Why Do We Kiss the Hand of the Priest?
The real question is, "Why don't we kiss MORE people's hands?" Kissing the hand of the priest is not an exceptional thing, but rather is the remnant of what was once a perfectly normal custom: showing reverence to our elders by kissing their right hands. There are certainly many people alive today in Greece who remember that the kissing of the hand was the normal and expected way to show reverence not only to the clergy but to parents, grandparents, godparents, and others in authority over us or holding a revered position in our lives. The disappearance of this custom is part of the disintegration of traditional Christian society, which was based on hierarchy, patriarchy, humility, and respect. And based, of course, on love, which does not exist without respect.
Further Reasons to Venerate the Priest's Hand
When we kiss the hand of the bishop or presbyter, we are not showing respect to the person of the priest but to his sacred office. The priest as a man is a sinner, but the priest as priestrepresents Christ; he is an icon of Christ. Also, though his hand is unworthy, yet it touches the Most Holy Things - the Precious Body and Blood of the Lord. Furthermore, despite his unworthiness, in Holy Ordination he has received the Grace of God to impart spiritual gifts and blessings. Why should we deprive ourselves of blessings by refusing the priest's blessing, saying arrogantly, "Well, he is a sinner! He is unworthy!"? We are only hurting ourselves.
When Should We Kiss the Priest's Hand?
We should show this respect and receive this blessing whenever we greet and bid farewell to our spiritual authorities. Also, we should kiss their right hands when we receive the antidoron from them or receive the prayer of absolution at confession or other prayers. We do not, however, kiss the priest's hand when receiving Holy Communion, lest we risk an accident with the Holy Chalice.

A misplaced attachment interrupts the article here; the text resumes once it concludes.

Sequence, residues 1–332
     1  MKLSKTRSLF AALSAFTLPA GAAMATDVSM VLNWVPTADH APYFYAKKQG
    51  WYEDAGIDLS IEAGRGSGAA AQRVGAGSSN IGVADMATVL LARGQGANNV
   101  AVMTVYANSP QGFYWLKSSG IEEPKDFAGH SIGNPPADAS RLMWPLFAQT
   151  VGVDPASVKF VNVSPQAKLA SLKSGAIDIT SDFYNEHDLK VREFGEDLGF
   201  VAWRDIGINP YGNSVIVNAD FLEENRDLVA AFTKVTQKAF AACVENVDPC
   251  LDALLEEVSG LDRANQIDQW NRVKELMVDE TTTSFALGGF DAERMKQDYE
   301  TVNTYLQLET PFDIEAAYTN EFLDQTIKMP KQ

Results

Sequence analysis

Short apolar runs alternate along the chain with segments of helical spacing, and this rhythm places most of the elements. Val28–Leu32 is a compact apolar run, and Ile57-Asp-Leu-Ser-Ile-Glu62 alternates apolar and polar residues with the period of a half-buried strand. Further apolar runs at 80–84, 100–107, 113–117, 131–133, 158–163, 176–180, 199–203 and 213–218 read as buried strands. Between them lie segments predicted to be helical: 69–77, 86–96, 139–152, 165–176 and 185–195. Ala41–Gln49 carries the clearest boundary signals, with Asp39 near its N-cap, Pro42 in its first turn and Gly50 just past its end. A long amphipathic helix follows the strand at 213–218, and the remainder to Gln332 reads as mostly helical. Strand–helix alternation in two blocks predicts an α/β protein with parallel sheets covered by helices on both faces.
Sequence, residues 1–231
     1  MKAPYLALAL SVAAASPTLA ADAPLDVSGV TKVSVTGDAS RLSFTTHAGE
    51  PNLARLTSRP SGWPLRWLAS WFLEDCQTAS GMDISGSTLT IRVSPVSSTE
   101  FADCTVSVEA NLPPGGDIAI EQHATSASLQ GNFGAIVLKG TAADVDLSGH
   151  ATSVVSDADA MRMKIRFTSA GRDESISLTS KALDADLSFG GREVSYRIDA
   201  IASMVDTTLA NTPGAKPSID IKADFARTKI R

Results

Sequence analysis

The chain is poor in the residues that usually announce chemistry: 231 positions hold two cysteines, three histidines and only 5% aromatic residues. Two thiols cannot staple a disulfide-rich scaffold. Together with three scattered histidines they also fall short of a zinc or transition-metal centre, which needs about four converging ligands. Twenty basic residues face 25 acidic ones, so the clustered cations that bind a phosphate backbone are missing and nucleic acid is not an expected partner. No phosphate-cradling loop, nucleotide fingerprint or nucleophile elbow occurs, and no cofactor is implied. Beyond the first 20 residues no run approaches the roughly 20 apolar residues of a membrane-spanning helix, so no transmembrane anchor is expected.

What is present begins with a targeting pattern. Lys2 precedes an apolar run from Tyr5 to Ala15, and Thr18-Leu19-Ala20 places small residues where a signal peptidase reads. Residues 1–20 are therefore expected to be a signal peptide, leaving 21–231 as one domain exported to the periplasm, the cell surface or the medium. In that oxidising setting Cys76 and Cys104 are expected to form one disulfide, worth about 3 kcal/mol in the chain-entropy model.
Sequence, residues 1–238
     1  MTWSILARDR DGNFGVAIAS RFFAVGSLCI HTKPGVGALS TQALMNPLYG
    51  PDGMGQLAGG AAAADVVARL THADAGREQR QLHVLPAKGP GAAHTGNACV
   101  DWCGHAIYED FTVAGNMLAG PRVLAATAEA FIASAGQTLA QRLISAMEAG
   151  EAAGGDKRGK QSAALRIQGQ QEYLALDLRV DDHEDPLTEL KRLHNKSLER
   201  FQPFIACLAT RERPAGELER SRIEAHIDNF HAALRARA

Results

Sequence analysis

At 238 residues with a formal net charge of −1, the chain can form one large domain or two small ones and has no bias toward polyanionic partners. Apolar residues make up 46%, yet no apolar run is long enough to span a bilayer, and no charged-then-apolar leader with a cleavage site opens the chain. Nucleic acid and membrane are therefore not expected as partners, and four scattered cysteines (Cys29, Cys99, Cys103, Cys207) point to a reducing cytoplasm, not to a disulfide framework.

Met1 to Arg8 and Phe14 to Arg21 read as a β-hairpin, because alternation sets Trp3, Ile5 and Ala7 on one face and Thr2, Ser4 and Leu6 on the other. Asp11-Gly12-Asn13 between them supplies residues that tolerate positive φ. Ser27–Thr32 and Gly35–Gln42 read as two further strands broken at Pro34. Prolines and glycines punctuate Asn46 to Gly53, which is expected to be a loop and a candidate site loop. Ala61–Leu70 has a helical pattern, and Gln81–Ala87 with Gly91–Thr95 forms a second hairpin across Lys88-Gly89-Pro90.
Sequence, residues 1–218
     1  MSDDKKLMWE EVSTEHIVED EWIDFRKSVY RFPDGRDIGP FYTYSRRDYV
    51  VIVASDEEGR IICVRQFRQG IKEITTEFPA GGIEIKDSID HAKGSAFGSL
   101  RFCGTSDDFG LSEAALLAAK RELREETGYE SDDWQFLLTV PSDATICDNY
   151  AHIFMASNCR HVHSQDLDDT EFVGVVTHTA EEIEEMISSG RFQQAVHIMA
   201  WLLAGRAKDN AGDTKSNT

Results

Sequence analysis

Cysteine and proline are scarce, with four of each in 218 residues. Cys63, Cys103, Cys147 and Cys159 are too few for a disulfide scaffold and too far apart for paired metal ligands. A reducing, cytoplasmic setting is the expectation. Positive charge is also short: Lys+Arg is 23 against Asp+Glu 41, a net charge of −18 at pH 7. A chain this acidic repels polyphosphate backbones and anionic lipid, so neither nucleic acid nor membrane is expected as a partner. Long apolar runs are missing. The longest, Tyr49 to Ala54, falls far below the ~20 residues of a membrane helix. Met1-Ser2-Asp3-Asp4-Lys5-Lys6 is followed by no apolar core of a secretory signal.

Reviving Respect and Reverence
We should also instruct our children to kiss their godparents', parents', and grandparents' hands, at least in the church before receiving Holy Communion, if not at other times. This does not cease when children become adults: as long as their elders are alive, they should show them this respect. And it should not be limited to our time in Church, for Orthodoxy is a way of life, not just something we do at church. When we go for a visit, for example, the younger people can and should greet the elders with this sign of respect. Before we go to bed at night, family members should ask the mutual forgiveness, and the children should kiss their parents' hands. This may be uncomfortable at first, because we are no longer used to it. But after awhile, since it is inherently normal, it will start to feel quite normal, and as it will deepen the love in your family, the children will miss it if you stop doing it.
This is another, powerful step in restoring the ORTHODOX WAY OF LIFE, which is not something for "long ago", but the timeless, sane, healthy, joyful way of life taught by Christ, the Apostles, and Fathers. It is also simply part of being a traditional human being in a traditional society based on humility, reverence, connection to our ancestors and elders, love of the young for the old and the old for the young - where these beautiful traits are woven into life. Yes, today we live in an anti-traditional society, but we DON'T have to be anti-traditional people.
Let us struggle to restore these time-honored customs, these humanizing, grace-imparting, and beautifying practices, with humility and love. Our children, one day, will thank us deeply for this.